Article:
Friday, December 21, 2007

Royce on the CLEC sector

Telephony mag in an interview with Royce Holland, CEO of McLeodUSA, "foresees more consolidation for the competitive service providers, ... believing the healthier competitive industry is one that doesn't include too many companies chasing the same business. ... "I'm hopeful that consolidation will continue to gain momentum," Holland said. "The problem with the competitive industry is that it has always been way too fragmented. That is what led to industry meltdown back in the late 1990s - there were way too many companies chasing the same market opportunities. There were way too many $200 million to $700 million companies in our space. It would be much more healthy to have fewer $2 billion to $3 billion companies."

It is difficult to believe that a CLEC CEO would be saying such stuff. Competition ISN'T good? You are correct. Unless it leads to differentiation and innovation, two things that we have not seen from the CLEC sector. History shows us that big telcos choke on their own acquisitions - MCI, Intermedia, and Level3. Get Bigger to get Better! Puh-lease! Tom Peters writes: "Big Mergers don’t work. Small acquisitions can/do work—if you don’t screw with their energy." And Charles Darwin reminds us that "It is not the strongest of the species that survives, nor the most intelligent, but the one most responsive to change." This Industry is changing constantly. At McLeod, Holland says: "The problem wasn't a matter of them not executing, it was that they were executing on the wrong business plan." That may be the smartest thing he said in the interview.

M&A is good for bankers, stakeholders, and the C-Level crowd cashing in options and taking packages (e.g., Royce who has now done this 3 times - Allegiance, MFS, and McLeod). But it isn't usually good for customers and agents.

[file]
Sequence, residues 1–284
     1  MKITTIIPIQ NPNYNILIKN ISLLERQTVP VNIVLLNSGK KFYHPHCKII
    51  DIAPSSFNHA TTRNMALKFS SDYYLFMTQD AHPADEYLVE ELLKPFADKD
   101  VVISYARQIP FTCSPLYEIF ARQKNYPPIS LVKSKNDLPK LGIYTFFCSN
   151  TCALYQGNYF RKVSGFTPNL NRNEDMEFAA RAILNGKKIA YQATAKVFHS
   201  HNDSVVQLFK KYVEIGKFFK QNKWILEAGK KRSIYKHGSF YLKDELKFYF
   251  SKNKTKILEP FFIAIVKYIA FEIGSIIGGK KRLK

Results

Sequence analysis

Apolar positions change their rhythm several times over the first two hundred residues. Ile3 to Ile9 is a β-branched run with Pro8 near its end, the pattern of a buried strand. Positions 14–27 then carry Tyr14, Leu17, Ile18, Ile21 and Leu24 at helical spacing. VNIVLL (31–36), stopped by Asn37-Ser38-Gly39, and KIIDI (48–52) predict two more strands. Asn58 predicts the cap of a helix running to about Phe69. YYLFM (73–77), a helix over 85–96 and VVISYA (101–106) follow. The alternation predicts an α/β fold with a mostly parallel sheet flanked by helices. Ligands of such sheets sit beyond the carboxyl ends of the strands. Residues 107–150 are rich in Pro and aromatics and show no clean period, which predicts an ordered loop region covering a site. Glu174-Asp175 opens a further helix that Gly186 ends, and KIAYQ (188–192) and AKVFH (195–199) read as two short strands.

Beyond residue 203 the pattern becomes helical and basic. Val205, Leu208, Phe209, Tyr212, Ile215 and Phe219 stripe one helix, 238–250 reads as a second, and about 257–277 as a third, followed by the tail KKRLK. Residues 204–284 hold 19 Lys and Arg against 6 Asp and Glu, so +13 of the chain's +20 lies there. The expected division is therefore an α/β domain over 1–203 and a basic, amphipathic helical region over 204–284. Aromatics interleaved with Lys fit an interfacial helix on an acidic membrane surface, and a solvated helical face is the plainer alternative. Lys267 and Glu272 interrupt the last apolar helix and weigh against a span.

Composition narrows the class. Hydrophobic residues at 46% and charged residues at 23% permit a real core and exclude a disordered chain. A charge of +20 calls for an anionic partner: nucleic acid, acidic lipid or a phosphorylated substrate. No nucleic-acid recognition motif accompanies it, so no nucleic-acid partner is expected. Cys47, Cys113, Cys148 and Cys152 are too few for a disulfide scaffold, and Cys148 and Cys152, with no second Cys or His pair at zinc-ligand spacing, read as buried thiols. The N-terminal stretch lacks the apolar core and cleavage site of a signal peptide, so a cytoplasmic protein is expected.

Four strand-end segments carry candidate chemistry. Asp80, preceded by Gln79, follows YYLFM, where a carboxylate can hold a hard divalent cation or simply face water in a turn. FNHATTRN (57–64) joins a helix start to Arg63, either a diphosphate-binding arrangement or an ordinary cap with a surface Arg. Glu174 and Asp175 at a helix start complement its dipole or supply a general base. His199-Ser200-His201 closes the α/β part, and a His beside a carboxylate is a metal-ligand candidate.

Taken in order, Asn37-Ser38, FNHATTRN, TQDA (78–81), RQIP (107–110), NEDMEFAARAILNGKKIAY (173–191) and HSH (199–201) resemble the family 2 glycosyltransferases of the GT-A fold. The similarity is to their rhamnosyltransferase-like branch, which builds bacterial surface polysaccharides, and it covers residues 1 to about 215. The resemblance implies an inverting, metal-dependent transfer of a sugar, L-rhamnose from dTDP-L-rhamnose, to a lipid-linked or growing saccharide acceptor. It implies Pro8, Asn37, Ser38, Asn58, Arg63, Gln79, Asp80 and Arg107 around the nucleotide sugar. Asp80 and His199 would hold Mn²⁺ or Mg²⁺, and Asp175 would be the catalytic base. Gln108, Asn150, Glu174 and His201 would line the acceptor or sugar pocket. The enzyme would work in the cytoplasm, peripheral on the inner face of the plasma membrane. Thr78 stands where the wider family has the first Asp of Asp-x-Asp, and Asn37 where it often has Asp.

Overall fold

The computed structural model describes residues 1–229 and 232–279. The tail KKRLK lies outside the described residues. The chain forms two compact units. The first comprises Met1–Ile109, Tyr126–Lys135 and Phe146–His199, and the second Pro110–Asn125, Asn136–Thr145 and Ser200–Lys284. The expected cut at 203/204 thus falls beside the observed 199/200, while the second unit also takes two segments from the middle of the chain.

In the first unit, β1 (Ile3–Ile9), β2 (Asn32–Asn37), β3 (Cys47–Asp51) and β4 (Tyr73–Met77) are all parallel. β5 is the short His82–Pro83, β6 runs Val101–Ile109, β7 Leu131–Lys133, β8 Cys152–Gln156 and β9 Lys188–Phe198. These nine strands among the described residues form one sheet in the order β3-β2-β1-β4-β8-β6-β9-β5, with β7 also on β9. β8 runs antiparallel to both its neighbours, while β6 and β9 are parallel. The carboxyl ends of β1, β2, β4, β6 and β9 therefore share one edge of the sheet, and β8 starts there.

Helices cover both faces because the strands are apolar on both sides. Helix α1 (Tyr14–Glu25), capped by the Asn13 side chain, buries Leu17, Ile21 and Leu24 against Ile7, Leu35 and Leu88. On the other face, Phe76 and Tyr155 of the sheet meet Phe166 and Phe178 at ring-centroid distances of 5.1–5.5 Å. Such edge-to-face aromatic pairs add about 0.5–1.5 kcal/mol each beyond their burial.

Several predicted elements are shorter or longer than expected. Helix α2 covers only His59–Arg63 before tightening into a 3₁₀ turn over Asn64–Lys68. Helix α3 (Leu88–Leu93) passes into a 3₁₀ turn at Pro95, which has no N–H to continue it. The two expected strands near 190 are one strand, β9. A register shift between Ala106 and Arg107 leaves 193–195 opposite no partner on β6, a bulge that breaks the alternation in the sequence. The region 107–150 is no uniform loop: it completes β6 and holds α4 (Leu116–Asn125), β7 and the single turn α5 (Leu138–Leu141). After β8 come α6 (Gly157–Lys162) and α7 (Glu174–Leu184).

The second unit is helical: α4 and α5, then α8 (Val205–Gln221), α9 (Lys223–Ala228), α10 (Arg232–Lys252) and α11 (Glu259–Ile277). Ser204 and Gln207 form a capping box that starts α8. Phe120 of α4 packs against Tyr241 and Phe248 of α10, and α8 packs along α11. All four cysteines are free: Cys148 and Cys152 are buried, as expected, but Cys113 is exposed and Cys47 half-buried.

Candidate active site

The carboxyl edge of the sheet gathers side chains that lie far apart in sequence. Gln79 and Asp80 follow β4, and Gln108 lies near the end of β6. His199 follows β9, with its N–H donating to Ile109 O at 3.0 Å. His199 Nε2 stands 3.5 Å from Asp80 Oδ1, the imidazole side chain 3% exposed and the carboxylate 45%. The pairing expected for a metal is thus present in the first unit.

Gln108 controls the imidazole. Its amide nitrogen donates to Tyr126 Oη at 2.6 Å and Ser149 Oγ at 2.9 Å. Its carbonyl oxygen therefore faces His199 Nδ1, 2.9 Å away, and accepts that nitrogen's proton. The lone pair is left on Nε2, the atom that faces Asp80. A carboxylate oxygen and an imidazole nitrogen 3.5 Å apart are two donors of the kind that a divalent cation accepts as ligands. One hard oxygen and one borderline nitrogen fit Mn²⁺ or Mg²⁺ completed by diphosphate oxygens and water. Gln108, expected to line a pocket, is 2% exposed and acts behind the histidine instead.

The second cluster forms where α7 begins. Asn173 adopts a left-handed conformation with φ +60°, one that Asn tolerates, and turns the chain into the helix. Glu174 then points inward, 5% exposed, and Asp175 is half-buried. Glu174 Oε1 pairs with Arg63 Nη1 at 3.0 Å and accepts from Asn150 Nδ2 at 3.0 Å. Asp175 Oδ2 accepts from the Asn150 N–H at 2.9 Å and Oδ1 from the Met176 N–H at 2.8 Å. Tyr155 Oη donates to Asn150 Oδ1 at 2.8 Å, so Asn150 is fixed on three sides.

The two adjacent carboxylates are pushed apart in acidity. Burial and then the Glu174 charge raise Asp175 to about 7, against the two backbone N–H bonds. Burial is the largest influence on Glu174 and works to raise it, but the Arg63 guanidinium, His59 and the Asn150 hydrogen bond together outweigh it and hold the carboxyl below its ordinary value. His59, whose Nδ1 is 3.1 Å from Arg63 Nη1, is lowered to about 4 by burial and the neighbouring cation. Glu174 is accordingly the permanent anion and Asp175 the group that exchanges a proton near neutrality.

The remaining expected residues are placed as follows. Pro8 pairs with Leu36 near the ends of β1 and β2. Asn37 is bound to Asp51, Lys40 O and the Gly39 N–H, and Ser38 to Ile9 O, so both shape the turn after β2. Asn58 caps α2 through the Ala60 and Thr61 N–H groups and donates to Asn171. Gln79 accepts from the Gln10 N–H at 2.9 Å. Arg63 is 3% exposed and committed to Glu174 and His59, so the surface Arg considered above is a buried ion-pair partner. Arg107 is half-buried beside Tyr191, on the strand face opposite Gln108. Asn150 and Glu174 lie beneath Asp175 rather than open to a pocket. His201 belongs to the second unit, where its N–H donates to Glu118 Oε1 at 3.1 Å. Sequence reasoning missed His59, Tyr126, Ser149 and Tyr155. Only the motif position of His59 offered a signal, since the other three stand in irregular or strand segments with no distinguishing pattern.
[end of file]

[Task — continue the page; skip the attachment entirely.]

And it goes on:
It's not the size, it's the execution. Covad was small, but had serious problems with provisioning. (How many CLEC's have provisioning and billing issues? I know. A lot.) However, I have seen smaller CLEC's execute well on a narrowly defined business plan: AstroTel, Hunt Telecom, CavTel.

Tom Peters wrote In Search of Excellence in 1982, but the lessons are still valid today:

  1. Have a Bias for Action;
  2. Stay Close to the Customer;
  3. Be Hands On, Value-Driven;
  4. Stick to the Knitting;
  5. Simple Form, Lean Staff; and
  6. Excellence Always.

I usually boil this down to Focus, Plan and Execute. You can do anything, but not everything. These principles work - small or large. It is just very execute the larger you get.

I'll leave you with this quote from Paul Ormerod, author of Why Most Things Fail: Evolution, Extinction and Economics: "I am often asked by would-be entrepreneurs seeking escape from life within huge corporate structures, ‘How do I build a small firm for myself?’ The answer seems obvious: Buy a very large one and just wait."

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